Sunday, October 30, 2011

Burnt Thumb #2 & memories

Friend: "Have you burnt yourself yet ?"

Me: "No, why do you ask ?"

Friend: "How is your new gas stove ?"

Me: "Fine, still getting used to it"

Well, famous last words. Things break and things have to be replaced and so it was with our old Stove which came with our house when we purchased it back in 1980. It was old then but it worked so we never had an inclination to have it replaced . . . until it broke down again. The hinges on the door were broken which meant that we could not use the oven. The top elements were fine, and so was the broiler section which we use often to broil steaks or roast our own rotisserie chicken.

When it came down to replacement, we wanted what we wanted. We didn't want stainless steel finish, nor did we want Black, nor did we want dual fuel. We just wanted a simple gas stove in white enamel finish to match all the other appliances we have at home. We have a white fridge, white microwave and our small kitchen stuff is white. The dealer finally put one on special order and it took nearly 2 months to get it. Then was the challenged to get it hooked up to our gas line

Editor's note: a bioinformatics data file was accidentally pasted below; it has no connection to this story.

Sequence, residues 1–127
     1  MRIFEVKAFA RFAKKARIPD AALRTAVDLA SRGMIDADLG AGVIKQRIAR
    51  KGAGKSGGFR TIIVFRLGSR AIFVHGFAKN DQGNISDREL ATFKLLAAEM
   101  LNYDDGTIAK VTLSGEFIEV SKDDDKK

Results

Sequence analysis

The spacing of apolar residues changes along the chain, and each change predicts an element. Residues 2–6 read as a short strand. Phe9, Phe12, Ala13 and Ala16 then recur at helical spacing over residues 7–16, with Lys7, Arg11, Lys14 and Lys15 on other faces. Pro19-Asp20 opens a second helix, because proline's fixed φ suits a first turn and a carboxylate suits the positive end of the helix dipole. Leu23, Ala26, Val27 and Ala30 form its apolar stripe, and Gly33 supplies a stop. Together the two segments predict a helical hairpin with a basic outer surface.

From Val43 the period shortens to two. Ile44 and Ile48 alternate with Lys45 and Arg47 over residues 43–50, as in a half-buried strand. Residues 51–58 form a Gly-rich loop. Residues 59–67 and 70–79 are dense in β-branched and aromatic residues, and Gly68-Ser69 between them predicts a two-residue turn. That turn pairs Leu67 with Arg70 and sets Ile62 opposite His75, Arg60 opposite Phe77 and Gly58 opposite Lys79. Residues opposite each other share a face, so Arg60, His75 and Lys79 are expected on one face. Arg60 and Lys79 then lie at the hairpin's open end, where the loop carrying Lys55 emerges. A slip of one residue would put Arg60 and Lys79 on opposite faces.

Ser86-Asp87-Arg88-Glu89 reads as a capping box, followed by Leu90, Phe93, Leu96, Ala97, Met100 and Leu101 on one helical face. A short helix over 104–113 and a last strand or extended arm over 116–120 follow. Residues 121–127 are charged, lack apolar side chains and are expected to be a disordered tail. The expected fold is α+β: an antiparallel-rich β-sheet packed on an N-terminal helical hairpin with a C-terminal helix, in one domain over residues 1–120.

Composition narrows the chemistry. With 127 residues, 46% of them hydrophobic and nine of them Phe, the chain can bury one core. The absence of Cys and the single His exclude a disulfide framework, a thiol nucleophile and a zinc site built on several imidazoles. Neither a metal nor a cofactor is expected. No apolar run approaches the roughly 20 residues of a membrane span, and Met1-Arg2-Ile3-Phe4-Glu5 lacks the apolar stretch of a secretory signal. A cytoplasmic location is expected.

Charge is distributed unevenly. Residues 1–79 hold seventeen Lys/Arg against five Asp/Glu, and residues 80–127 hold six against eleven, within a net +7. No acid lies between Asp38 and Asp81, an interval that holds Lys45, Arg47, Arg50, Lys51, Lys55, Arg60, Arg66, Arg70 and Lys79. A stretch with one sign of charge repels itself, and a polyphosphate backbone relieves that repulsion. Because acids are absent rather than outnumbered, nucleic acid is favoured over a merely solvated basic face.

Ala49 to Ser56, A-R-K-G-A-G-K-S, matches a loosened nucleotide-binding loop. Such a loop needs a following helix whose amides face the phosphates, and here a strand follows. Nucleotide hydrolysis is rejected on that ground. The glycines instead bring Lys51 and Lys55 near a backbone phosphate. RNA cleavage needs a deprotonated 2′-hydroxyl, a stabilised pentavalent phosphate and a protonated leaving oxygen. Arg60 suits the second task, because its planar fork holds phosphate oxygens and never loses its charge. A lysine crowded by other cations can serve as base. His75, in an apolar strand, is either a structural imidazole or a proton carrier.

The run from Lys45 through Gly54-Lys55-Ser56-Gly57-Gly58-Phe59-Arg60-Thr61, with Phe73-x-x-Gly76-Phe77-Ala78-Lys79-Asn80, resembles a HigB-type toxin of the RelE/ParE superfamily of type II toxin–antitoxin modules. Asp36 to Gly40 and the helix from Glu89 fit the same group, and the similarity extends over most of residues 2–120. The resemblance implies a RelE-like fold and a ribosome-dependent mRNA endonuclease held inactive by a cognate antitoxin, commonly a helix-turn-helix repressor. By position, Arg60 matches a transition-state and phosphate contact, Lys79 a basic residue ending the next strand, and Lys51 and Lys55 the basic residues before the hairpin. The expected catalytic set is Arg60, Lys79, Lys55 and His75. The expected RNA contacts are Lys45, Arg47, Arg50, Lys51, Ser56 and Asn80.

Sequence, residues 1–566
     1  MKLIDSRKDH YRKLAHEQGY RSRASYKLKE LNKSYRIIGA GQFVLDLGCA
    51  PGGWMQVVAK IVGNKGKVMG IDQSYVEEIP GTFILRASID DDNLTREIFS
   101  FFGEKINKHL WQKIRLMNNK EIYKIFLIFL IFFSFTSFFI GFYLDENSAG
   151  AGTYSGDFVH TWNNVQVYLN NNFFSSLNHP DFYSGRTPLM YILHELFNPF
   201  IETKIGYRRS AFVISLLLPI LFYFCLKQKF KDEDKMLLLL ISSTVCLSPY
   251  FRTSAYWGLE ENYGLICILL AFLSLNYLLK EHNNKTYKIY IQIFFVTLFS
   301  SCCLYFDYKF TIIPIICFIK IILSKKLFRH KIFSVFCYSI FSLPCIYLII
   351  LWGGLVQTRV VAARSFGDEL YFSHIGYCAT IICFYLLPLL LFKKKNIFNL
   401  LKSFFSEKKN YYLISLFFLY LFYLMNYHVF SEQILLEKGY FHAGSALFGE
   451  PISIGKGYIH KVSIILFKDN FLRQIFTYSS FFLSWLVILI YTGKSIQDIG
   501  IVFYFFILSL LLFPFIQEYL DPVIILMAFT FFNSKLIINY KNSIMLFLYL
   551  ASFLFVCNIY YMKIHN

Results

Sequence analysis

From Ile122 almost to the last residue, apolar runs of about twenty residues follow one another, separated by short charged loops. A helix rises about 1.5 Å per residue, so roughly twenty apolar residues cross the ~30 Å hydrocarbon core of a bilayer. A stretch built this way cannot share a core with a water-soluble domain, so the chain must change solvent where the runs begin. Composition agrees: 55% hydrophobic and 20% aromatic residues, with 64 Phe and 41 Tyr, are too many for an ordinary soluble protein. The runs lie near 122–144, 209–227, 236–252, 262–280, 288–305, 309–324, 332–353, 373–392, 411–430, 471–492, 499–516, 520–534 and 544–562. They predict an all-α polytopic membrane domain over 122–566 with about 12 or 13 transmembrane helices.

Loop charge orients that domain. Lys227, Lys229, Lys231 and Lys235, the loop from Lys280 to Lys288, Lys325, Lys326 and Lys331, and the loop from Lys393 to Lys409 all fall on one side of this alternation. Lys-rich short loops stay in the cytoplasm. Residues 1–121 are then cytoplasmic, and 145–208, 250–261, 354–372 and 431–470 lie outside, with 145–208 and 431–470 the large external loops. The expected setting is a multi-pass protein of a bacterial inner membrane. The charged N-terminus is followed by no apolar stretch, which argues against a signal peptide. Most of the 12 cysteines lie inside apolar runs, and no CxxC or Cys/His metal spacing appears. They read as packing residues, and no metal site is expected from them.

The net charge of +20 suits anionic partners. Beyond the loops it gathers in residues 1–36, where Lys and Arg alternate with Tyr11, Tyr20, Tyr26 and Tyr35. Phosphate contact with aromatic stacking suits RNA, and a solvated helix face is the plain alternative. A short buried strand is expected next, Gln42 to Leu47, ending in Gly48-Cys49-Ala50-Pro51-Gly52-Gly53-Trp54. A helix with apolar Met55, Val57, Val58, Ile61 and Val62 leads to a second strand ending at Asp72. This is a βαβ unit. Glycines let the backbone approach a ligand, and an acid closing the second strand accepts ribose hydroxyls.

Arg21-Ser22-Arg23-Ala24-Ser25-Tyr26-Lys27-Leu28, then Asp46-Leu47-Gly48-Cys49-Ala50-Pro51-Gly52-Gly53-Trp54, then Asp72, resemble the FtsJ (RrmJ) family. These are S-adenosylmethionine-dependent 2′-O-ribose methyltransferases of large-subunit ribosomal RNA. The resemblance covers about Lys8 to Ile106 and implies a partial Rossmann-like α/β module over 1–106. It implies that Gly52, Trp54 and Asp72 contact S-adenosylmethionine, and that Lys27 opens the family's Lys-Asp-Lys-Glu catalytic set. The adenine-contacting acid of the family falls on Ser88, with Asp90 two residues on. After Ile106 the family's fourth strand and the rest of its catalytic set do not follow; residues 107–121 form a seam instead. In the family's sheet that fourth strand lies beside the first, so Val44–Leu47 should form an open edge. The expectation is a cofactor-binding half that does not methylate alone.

P1080174

We needed to buy some parts. What you see cost around $122. and we have some pieces left over. It was more expeditious to buy what you think you may need so you don't have to waste time going back to get the 'missing' stuff, which was not returnable. I have never used a gas stove before and it was a learning experience for the first few days, where I burnt my thumb on a very hot pot. Perhaps we have the gas turned on too high as the pots seem to be much hotter than before when we used electric. Now I know what my friend was asking about. We started to put pot holders and oven mitts beside the stove, just in case we need them

On Saturday I decided to make Tomato Beef chow mein, and I burnt my thumb for the second time

P1080199

I boiled a large pot of water, put the burner on High and waited for the pot to boil. Then I added a package of noodles to cook and when it was ready I grabbed the pot handles to pour the cooked noodles into the strainer. All was well at first as the handles are insulated but when the noodles were emptied from the pot, I then grabbed the side of the handle where there was NO insulation. This is where I received burn #2 . Stupid me . . .

I put onions in the skillet, cut strips of beef and when they were nearly cooked, then added the diced tomatoes, then a tbsp of cornstarch and a bit more liquid.

P1080200

Then I turned on the right burner to get the Wok heated up to receive the cooled, cooked noodles. When the noodles were fried up a bit, I added the beef tomato mixture and stirred it up . . . and dinner was served

P1080201

------------------------------------------------------------------------------

Last Sunday we were down in Tsawwassen and I noticed this Suzuki motorcycle parked in the lot

P1080182

It was a Suzuki GS550L, I bought a new one back in 1980 but mine was wine colour. For some reason you don't see many of these models around. I went over and snapped a few photos, and one of the gauge cluster

P1080183